CALLS TO ACTION
Hong Kong’ ivory trade.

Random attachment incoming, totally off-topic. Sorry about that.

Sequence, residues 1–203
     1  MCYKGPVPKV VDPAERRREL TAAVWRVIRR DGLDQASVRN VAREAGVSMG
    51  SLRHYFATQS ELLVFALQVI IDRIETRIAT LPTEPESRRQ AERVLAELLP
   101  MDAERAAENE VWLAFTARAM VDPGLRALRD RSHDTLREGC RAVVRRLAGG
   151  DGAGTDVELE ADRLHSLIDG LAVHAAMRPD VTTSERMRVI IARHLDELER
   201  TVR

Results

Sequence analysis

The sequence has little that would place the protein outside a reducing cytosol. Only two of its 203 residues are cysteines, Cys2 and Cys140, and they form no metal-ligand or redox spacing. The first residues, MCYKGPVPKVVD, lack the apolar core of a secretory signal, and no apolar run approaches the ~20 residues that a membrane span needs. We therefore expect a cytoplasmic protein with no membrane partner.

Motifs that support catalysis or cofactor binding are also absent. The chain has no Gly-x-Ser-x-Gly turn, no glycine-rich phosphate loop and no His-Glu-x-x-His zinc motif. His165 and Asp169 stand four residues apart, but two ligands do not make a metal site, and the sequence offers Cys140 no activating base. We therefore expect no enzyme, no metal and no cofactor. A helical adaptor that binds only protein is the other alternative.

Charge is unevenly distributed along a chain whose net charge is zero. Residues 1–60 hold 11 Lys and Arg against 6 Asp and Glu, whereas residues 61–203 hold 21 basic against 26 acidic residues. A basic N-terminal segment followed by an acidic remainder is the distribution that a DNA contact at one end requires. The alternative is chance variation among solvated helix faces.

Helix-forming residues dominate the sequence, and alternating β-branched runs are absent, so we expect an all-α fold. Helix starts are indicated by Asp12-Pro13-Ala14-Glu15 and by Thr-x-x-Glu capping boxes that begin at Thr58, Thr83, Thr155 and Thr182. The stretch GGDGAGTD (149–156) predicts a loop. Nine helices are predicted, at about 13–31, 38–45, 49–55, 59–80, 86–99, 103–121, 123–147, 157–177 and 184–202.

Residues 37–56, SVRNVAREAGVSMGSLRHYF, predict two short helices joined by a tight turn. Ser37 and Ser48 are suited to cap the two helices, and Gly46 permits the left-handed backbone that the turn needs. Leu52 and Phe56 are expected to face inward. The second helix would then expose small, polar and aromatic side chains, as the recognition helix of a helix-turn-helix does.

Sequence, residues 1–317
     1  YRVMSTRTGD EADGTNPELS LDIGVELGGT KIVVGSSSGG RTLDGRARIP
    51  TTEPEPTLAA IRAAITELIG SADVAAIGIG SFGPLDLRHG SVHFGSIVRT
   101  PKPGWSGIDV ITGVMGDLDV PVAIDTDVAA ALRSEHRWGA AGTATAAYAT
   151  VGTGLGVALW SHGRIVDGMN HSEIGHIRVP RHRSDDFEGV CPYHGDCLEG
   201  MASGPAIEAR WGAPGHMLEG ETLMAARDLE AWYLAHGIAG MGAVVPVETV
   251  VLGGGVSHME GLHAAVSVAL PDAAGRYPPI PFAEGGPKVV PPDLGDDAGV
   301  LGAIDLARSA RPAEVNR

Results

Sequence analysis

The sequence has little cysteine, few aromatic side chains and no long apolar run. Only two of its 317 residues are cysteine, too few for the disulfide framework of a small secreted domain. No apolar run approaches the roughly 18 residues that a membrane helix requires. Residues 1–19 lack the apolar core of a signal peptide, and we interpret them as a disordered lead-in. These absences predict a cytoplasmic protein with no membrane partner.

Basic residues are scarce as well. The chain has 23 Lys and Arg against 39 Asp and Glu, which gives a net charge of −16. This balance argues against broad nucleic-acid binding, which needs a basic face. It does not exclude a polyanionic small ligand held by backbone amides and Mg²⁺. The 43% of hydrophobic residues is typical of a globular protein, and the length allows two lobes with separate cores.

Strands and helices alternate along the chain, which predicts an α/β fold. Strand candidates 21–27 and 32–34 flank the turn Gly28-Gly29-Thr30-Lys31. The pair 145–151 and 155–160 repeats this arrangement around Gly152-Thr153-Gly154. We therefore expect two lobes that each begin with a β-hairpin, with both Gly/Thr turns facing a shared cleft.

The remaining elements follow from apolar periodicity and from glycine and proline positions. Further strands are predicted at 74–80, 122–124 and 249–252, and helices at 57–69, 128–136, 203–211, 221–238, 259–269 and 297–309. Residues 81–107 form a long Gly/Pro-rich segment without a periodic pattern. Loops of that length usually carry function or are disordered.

IT’S LIKELY THAT FEW OF THE THOUSANDS of rangers that patrol the African bush, protecting its endangered wildlife, have ever set foot in Hong Kong. To them, this city thousands of kilometres away from their land would be an abstraction, save for one stone cold fact. As a global transhipment hub for ivory and other animal products, Hong Kong is one of t he reasons something like 100 of them are killed every year. “I am alive today because I was lucky,” said Eric Mararv, manager of the Garamba National Park in the Democratic Republic of Congo, at a press conference organised by WWF Hong Kong on June 6. More than a year previously, his patrol was attacked by poachers. He was shot through the leg; three of his men were killed. He showed a slide of 24-year-old Do Do, the only other survivor from the firefight. “He’s my friend. He’s still alive today; I hope he’ll still be when I go back.” Marar v was in Hong Kong to lend his emotional testimony to the lobby to hasten a total ban on the ivory trade in the city. Though an international ban was placed on sales of ivory in 1990s, it was up to each local authority around the world to decide what to do with any stock held by traders that predated the ban. The demand from China, the world’s biggest market for ivory, was just too tempting and so trade has continued in the region. This was supposedly tolerated for pre-1990 ivory only but lacking a convenient and quick way to date ivory, the ban has been easily circumvented. After much foot-dragging, China finally opted to obliterate the trade entirely by the end of this year. Hong Kong, however, has still to act. Current proposals talk of a five-year grace period and the city’s ivory merchants are also pushing for compensation. This is despite the fact that age-tested samples point out to the vast majority of ivory currently circulating in the Hong Kong market being illegally acquired after the 1990 ban. As the China ban curbs supply in the country, there’s a concern that the trade may move elsewhere in the region if other countries don’t act too. According to a recent report on global wildlife trafficking in the air transport sector, “Flying Under the Radar”, China saw 102 known incidents of ivory trafficking between 2009 and 2016, with Thailand in third place with 34 and Vietnam at fifth with 23. Though the rest of Southeast Asia has been less often on traffickers’ radar due to China’s monstrous demand, lax laws on wildlife crimes and the growing number of available connecting flights between Africa and Southeast Asia poses an ongoing risk. For the time being, lacking a complete international ban, or telling action on the part of the city’s legislators, all the concerned citizens of Hong Kong can do is help educate its millions of visitors, especially those from the Mainland who are thought to buy up to 90% of the city’s supply.